Would you knock yourself up if you could? Leave the man (and the mess) right out of the equation and just *poof* make a baby?
One of our editors dug up this great essay from 2008 on little known facts about sex. Among them, some worms can reproduce themselves.
So can some women. At least, they can with a little help from a test tube full of donor sperm and some lube.
There’s a term for solo reproduction: parthenogenesis. Early feminists were fascinated with the idea. One, Charlotte Perkins Gilman, wrote a book about a whole nation of women who reproduced spontaneously, with no men involved.
Today, for lesbian mamas or single ladies looking to have babies on their own, it’s just a simple choice. The DIY approach is faster and cheaper than going the full fertility clinic route. If you’re not having any fertility issues, you can do it at home yourself, often successfully.
I’ve tried this at home.
Not on myself, but I helped out a friend who was trying to get pregnant. It’s a tricky, sticky process. Harder to manage than the old-fashioned way I conceived my kids. But there’s also something incredibly empowering about it: here we are, two women with the equivalent of a home chemistry kit and the carefully preserved contents of a used condom, getting ready to make a baby. Without a man.
Here’s how we did it:
- Test for ovulation. You’ll want to track your cycle, and use a fertility test kit from the drugstore to confirm ovulation.
- Acquire sperm. We got some from a friend, but you can purchase sperm from a sperm bank. Be sure to handle it carefully and keep it at the right temperature.
- Get a microscope. You’ll want to check the motility to make sure they’re still alive and kicking. Motility means how much they move around; you see this under a microscope. Google can help you get a sense of how much movement you should see. The Internet is amazing.
- Get a small glass pipet, like an eyedropper. A turkey baster is actually the wrong tool for this job. You want something small that you can scoop the sperm up with and dispense it from quickly.
- Lube. You want lube for this, but not the regular stuff you buy at the drugstore. Shop online for a lubricant that promotes fertility. Regular brands can impede sperm (though by no means enough to use them as birth control).
- Latex gloves. Or nitrile ones if you have a latex sensitivity. You’ll be touching your genitals (or your partner’s, if you’re doing this to someone else). You don’t want their fluids or the sperm all over your hands, and you do need to put your fingers pretty far up there to get the sperm in place.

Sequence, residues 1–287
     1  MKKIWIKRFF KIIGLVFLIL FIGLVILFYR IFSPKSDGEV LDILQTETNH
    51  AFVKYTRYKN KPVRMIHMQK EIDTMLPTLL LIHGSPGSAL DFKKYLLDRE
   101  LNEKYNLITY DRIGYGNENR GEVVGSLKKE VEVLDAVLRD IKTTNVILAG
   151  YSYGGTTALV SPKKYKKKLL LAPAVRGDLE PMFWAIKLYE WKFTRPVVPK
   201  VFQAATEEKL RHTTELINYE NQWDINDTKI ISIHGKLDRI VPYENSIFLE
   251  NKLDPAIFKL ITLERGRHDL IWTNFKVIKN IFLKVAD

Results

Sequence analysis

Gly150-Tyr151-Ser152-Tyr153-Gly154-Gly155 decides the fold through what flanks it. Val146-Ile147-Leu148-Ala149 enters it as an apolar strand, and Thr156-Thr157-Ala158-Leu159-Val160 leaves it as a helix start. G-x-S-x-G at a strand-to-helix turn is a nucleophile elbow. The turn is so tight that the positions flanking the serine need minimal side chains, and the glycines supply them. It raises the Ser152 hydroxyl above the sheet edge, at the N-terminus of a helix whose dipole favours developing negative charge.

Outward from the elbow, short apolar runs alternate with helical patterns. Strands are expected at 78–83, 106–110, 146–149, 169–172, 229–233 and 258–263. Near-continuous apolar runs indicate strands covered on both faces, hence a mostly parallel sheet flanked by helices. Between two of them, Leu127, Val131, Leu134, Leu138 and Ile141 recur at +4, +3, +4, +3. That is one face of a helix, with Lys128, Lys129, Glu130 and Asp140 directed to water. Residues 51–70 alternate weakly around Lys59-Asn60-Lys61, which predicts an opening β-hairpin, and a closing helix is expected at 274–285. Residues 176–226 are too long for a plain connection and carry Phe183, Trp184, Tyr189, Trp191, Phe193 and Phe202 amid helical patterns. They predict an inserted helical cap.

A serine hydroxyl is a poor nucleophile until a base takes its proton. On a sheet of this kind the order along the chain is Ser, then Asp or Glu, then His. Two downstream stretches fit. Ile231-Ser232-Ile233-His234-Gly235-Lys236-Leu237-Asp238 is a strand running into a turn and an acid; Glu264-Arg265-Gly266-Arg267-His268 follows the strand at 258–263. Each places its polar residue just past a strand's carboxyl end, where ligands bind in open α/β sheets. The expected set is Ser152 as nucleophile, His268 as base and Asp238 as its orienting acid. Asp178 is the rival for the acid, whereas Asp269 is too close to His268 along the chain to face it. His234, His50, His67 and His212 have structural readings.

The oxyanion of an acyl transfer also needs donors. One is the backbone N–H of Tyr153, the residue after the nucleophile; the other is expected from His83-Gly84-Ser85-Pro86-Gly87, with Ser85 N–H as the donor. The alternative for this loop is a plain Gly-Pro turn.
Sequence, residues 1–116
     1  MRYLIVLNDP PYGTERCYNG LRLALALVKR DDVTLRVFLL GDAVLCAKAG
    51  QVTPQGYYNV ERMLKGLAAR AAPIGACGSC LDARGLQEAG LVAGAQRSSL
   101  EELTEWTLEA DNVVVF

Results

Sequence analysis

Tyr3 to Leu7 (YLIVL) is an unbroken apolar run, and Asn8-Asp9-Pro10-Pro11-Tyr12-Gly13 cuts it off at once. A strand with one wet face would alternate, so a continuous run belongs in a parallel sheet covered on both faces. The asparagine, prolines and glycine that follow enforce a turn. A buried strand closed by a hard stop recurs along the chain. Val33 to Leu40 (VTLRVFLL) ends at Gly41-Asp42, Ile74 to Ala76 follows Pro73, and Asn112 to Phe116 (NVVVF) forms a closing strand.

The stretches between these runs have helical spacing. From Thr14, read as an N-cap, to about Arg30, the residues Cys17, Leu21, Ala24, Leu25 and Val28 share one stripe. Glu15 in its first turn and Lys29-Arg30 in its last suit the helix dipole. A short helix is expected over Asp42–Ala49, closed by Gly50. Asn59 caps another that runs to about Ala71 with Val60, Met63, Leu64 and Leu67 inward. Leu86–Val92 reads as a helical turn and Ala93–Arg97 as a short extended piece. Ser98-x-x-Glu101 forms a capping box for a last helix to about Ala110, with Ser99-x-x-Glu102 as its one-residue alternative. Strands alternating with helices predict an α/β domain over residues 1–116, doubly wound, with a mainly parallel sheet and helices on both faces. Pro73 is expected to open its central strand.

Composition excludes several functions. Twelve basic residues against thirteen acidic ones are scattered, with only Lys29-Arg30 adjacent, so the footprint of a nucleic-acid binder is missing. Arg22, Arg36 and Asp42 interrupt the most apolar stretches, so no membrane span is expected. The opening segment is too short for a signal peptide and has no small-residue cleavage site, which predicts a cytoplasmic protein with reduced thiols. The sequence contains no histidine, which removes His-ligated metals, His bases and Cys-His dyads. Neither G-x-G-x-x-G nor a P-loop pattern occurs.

- You can use a speculum to open things up if you’re having trouble reaching the cervix. Otherwise, just use your fingers to guide the pipet. Apply the sperm as directly to the cervix as you can.
- If you’re the hopefully-about-to-be-pregnant lady, lie back with your hips tilted upward for about twenty minutes, dreaming sweet dreams of storks delivering bundles of joy, or the Queen of England, or whatever you like.
It might sound weird. It was. It was also magical (even though it sadly did not take). The world is full of jokes about lesbians with turkey basters, but you wouldn’t laugh if you’d tried it. Trying to conceive a baby remains the most sacred thing I’ve ever done, both when it involved my womb and when I was helping someone else out. Now I know why men walk around like they’re gods after they’ve gotten their lady pregnant.
I would totally knock up a woman with a test tube full of donated sperm any day of the week. In a fantasy world like Gilman’s where sperm wasn’t necessary, I’d be even happier to do it with the power of my brain.
I’m not sure I’d get myself pregnant, though. For some of us, getting pregnant was the best part of being pregnant. For others, having a baby without the hassle of the husband is a cherished dream. I’m both of those people, depending on the day. Raising a kid alone hasn’t ever really appealed to me, and conception was definitely the highlight of both my pregnancies.
If you had the chance to knock yourself up with no messy man to deal with, would you do it?